The music lover’s guide to holiday gifting
Few personality aspects are more bespoke than music interests, which makes shopping for the serious listener a thornier endeavor than most. It’s never been as easy as looking at the Billboard Top 10 and grabbing whichever record is on sale, but the machine recognizes this and thus, there are more gifts than ever this year that are just so well conceived, or simply so far out there, that they’ll uniformly fit the most mercurial of tastes.
Bob Dylan: The Complete Album Collection (Legacy), $248
The great irony of buying music on physical media in 2013 is that it feels far more antiquated to own a record on CD format than it does to have it on vinyl. That’s why it makes perfect sense for Bob Dylan: The Complete Album Collection to come on quaint ol’ polycarbonate. Everything about this big box full of genius feels that way, though. It contains 35 studio albums, six live albums and two discs of non-album tracks, and the plus version comes with a harmonica USB drive with digital versions of them all. The catch is, that’s all it is. It eschews the refined feel of expensive to produce vinyl, or the stillpricier streaming media in for the favorable margins of CD. The Dylan fanatic will kvetch more over The Bootleg Series Vol. 10: Another Self Portrait, the very existence of which illustrates just how deep into Dylan’s catalog the dedicated are willing to go, but there’s more than enough discovery to be had on 41 Dylan albums in one place.
Bun B’s Rap Coloring and Activity Book (Abrams), $13
If anyone thought that nothing could top the splendid audacity/novelty of last year’s Gangsta Rap Coloring Book, then Bun B’s Rap Coloring and Activity Book is here to confirm that the crayon will always be mightier than the Glock. The Underground Kingz legend curated what is actually a pretty clever and entertaining collection of activities for the junior hip-hop head (or the grown-up one), and Pimp C’s mink coat will finally provide a reason to break out that littleused Triple White crayon. Once those 48 pages are completely exhausted (and they will be), hit up Bun B’s accompanying Tumblr at rapcoloringbook.tumblr. com for supplementary, seasonal activities, like building a festive Drake dreidel or coloring Ludacris Kringle.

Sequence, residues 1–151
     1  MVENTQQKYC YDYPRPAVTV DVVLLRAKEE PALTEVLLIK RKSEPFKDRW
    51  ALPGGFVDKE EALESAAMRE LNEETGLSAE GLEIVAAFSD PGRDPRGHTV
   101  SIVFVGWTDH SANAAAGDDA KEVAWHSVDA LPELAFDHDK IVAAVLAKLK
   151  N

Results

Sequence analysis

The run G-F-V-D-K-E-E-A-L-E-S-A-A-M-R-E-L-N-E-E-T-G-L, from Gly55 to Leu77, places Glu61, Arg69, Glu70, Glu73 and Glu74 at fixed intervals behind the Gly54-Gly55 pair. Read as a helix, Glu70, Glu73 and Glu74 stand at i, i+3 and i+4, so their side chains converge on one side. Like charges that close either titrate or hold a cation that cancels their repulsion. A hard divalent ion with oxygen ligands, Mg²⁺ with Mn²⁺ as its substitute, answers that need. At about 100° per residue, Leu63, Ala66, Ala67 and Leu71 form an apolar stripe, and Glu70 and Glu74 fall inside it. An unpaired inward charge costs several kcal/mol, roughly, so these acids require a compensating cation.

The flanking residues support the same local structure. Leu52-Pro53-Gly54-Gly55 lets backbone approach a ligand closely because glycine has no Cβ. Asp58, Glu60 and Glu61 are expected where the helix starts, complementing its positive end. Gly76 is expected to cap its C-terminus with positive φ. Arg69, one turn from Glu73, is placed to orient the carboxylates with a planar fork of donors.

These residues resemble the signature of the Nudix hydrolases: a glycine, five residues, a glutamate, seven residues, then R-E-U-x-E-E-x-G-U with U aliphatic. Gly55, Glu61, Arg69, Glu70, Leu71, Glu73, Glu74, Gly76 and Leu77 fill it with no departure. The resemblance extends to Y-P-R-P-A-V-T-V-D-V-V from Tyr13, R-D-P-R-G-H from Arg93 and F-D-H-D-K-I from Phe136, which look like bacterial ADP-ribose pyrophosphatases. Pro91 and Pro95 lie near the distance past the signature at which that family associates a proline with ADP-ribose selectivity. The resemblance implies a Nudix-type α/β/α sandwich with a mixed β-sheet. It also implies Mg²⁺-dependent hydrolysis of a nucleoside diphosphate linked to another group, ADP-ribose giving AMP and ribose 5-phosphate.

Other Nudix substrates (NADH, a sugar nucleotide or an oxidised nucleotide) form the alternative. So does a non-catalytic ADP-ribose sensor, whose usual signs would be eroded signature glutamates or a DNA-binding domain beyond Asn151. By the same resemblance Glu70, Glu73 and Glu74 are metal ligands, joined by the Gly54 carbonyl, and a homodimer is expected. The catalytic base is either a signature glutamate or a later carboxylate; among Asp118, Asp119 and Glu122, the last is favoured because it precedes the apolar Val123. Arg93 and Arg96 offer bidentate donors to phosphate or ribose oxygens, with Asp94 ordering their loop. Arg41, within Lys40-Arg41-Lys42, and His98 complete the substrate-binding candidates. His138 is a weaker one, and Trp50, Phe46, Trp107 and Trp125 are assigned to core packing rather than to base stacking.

Purple Snow: Forecasting the Minneapolis Sound (Numero), $85
There’s a cold war going on between two of the Midwest’s finest purveyors of rare groove, and it’s for good reason (that won’t be explained here) that the Triad has a vested interest in the continued success of Chicago beat excavators Numero Group over Minneapolis archrivals Secret Stash. With releases like the four-LP (with a 108-page, hardbound book of the scene’s history) Purple Snow: Forecasting the Minneapolis Sound, however, Numero’s primacy is more or less implicit at this point. Minnesota, imminently before the era of Prince Rogers Nelson, was a nerve center of slithery synths and on-the-ones funk made by early Jimmy Jam projects like Mind & Matter, or 94 East with a young Prince slumming it as a session player. They were essentially party tunes for the urbane Minnesotans of the ’70s and didn’t have the polish of the sounds that would come from Prince, Morris Day and Jam a few years later, but as party tunes, they’re still ice cold.
The Rise & Fall of Paramount Records 1917-1932 (Third Man), $400
Wrigley first sold soap. Nokia started as a paper mill. The long-defunct Paramount Records, ingeniously, began as the subsidiary of Wisconsin Chair Company, an economic device to give people who bought turntables something to play on them. The fascinating, often sordid history of how its proprietor, a man with no knowledge of the music business who would build one of the greatest artistic rosters ever, plays out in academic detail within arguably the best release yet to come out on Jack White’s Third Man Records imprint, The Rise & Fall of Paramount Records 1917- 1932. At $400, it’s one of the priciest boxes of the year, but the package itself a sort of objet d’art — an oaken suitcase, emblazoned with the Paramount logo, and lined with velvet to contain 800 tracks across six LPs and digital media.
2 Chainz — B.O.A.T.S II: Me Time (Deluxe Edition) with #MealTime Cookbook (Def Jam), $15